Last week, The Clarion-Ledger published an article (Gary Pettus, "City loses 19K white residents in decade," 2/6/11) in which it summarized and responded to data from the 2010 U.S. census, which records an overall 5.83 percent population loss in Jackson over the past 10 years. But as the headline suggests, the issue is less population loss than the color of the population loss: Jackson's black majority has grown from 73 percent to 79 percent since 2000. Not that this is only due to white population loss: Jackson has gained 7,500 net black residents, which has softened the effect of white flight on the city population. But according to the article, and the horrifically racist online reader comments below the fold, the demographic shift itself poses a danger to the city's future.
Not that The Clarion-Ledger's readership is alone in its reaction to the census. The day after article appeared, the blog of the Mississippi Business Journal called for commercial developers downtown to secede from the rest of the city, declare an independent "District of Magnolia," and operate under the supervision of the majority-white state government ("MS should call Jackson the District of Magnolia, take it over," 2/7/11). And whites on Facebook who had previously described the city as a wonderful place to live seem to be experiencing a crisis of faith, bemoaning the city's disappearing middle class despite the fact that the most recent economic census numbers, from 2007, were promising enough to allow for more than $1 billion in downtown development and extensive commercial development throughout the rest of the city.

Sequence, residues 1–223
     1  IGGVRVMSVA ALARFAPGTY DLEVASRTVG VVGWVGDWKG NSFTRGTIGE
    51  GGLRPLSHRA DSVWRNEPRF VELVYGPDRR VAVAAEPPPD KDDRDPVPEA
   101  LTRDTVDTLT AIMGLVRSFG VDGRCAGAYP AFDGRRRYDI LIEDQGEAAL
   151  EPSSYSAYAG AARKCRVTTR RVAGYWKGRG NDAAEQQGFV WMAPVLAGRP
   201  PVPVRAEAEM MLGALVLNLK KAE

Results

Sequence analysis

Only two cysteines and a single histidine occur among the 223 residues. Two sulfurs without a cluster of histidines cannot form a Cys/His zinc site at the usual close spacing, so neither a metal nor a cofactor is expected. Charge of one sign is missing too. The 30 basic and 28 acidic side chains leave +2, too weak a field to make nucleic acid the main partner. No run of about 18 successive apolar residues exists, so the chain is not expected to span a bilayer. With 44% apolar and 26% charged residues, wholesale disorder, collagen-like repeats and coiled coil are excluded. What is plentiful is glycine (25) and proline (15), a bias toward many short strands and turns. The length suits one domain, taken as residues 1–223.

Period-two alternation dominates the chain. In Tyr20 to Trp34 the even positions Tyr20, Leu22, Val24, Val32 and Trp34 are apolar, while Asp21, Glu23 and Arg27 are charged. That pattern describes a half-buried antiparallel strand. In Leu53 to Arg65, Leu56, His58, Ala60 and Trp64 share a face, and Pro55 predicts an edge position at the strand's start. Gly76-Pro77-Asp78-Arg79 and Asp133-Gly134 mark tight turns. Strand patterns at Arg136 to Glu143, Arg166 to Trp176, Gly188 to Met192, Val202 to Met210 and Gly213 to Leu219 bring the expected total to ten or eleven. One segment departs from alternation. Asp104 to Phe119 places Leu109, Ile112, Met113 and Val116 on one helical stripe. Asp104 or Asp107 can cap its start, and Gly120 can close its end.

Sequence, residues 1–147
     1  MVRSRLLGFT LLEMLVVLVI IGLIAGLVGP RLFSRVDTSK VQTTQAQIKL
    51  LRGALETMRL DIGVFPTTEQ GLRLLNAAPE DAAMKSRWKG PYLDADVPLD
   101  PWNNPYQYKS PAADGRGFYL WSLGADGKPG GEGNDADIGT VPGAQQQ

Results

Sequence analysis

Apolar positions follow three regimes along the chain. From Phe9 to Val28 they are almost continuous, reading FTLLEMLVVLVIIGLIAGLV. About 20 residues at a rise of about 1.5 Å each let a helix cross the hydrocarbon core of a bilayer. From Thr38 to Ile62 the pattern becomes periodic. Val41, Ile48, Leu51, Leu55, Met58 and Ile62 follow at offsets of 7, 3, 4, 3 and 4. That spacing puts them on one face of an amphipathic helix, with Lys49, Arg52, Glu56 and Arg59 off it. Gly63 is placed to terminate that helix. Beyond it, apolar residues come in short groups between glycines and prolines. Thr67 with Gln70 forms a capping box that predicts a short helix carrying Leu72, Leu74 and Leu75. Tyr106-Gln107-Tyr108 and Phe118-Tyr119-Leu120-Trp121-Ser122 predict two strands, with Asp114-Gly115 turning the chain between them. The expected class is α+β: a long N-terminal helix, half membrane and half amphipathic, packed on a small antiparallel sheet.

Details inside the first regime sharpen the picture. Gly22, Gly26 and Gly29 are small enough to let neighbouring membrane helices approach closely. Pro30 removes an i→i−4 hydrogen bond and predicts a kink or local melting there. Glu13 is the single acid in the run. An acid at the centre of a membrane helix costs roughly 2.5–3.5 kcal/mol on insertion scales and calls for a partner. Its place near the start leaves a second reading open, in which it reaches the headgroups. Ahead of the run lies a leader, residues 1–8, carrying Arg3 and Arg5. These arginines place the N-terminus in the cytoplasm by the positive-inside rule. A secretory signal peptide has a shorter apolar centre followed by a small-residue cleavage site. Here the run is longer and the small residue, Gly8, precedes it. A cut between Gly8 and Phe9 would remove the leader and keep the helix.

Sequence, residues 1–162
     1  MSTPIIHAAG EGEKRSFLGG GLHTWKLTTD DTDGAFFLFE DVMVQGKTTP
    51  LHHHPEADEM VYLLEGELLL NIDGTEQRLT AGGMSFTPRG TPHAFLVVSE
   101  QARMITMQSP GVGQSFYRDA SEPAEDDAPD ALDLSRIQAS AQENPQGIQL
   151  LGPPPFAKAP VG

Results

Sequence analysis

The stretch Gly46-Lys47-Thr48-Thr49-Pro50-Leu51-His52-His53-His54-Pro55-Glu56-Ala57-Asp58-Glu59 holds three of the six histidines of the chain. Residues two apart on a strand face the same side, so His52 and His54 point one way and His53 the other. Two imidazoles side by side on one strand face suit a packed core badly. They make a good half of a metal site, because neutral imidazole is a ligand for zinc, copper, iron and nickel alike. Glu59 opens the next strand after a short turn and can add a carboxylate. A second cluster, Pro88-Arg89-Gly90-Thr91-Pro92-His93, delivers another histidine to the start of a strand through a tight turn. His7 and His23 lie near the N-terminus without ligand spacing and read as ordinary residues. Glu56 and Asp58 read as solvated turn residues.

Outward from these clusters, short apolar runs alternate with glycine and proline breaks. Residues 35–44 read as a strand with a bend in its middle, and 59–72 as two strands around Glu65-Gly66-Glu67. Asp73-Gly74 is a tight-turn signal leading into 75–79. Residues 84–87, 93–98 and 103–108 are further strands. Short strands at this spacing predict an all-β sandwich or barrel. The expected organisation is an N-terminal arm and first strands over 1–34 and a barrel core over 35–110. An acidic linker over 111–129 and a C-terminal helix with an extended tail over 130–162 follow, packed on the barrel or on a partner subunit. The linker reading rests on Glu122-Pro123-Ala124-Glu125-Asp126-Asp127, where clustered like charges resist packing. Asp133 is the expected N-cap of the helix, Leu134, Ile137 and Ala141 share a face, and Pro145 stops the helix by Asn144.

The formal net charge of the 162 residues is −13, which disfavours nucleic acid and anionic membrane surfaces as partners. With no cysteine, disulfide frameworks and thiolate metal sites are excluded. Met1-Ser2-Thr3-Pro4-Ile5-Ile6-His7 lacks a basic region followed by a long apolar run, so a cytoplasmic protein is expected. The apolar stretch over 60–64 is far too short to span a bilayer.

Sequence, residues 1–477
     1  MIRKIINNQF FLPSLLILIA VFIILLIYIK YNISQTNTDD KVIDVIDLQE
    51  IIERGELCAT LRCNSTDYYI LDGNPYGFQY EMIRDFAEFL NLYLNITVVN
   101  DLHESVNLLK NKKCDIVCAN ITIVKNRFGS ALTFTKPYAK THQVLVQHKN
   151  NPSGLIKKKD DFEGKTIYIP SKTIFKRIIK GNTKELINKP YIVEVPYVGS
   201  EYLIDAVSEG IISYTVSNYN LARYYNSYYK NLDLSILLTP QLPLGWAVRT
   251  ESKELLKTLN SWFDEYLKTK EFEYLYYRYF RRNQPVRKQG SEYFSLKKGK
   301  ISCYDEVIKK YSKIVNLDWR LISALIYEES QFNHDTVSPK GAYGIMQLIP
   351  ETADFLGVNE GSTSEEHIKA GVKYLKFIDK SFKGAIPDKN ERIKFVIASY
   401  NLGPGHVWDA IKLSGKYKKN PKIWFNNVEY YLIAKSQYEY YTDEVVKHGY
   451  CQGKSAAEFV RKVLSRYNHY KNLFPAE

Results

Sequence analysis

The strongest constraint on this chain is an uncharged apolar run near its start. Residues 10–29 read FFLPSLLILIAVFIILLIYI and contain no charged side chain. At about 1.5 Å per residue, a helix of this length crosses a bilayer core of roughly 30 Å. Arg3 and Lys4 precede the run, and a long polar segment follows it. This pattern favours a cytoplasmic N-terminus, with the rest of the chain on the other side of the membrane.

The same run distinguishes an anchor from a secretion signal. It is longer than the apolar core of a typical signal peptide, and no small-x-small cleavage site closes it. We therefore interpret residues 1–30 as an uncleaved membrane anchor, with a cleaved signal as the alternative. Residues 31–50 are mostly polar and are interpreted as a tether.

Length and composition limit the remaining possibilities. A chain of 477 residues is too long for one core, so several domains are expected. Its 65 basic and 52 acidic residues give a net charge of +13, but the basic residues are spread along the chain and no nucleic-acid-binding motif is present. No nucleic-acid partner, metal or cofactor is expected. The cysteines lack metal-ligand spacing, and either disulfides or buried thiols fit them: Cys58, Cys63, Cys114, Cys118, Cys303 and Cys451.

If you want to look at how the city has really changed, go stand on the sidewalk in front of the King Edward Hotel and look around you. Then imagine how different your environment would have looked if you'd done that 10 years ago, when the city was whiter. Or 20 years ago, when the city was only 56 percent black, had a white mayor, and had nearly twice as many homicides per year.
We're smaller, blacker, and much, much stronger than we were 20 years ago.
There is no question that Hurricane Katrina, followed immediately by the worst economic recession in U.S. history, has hurt the economic climate in Jackson. But we have to find new solutions to these problems; the old ones didn't work. And we have to bring new people into Jackson; the old ones didn't stay. And we have to find a new model for what our city needs to look like; the old one didn't hold up. And we have to develop new commercial possibilities for the city, because the old ones were not ambitious enough to give us the renaissance we all know that we are beginning to experience.
The challenge that the new census numbers presents to white Jacksonians is this: "Are you willing to commit yourself to the future of a thriving 79 percent black city?" Because by any reasonable standards that take into account our city's history and its location in the center of the poorest U.S. state, we are thriving. We survived a disastrous mayoral administration, pushed through the regional economic effects of Katrina, and continue to develop through a recession.
This did not happen by mistake; it happened through the hard work and sacrifice of people of all colors and ethnic backgrounds who are committed to the future of this city, and it happened because this is a city worthy of our commitment. Our enemy is, and has always been, segregation. We always knew we would defeat it. We just didn't know when.